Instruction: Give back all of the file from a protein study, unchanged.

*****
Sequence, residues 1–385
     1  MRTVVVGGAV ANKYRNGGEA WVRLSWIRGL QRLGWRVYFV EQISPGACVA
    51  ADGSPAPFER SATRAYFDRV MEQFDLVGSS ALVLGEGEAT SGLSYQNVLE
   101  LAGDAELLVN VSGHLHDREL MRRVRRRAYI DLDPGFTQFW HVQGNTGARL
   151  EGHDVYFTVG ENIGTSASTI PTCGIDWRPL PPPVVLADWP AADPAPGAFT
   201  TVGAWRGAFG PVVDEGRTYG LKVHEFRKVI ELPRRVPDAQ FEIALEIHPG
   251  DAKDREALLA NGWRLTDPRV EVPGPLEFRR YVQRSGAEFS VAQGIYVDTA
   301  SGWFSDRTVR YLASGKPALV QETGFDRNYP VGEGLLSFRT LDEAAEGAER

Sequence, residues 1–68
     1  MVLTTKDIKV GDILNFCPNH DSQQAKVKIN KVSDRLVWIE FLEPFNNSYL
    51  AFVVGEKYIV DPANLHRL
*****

Sequence, residues 1–385
     1  MRTVVVGGAV ANKYRNGGEA WVRLSWIRGL QRLGWRVYFV EQISPGACVA
    51  ADGSPAPFER SATRAYFDRV MEQFDLVGSS ALVLGEGEAT SGLSYQNVLE
   101  LAGDAELLVN VSGHLHDREL MRRVRRRAYI DLDPGFTQFW HVQGNTGARL
   151  EGHDVYFTVG ENIGTSASTI PTCGIDWRPL PPPVVLADWP AADPAPGAFT
   201  TVGAWRGAFG PVVDEGRTYG LKVHEFRKVI ELPRRVPDAQ FEIALEIHPG
   251  DAKDREALLA NGWRLTDPRV EVPGPLEFRR YVQRSGAEFS VAQGIYVDTA
   301  SGWFSDRTVR YLASGKPALV QETGFDRNYP VGEGLLSFRT LDEAAEGAER

Sequence, residues 1–68
     1  MVLTTKDIKV GDILNFCPNH DSQQAKVKIN KVSDRLVWIE FLEPFNNSYL
    51  AFVVGEKYIV DPANLHRL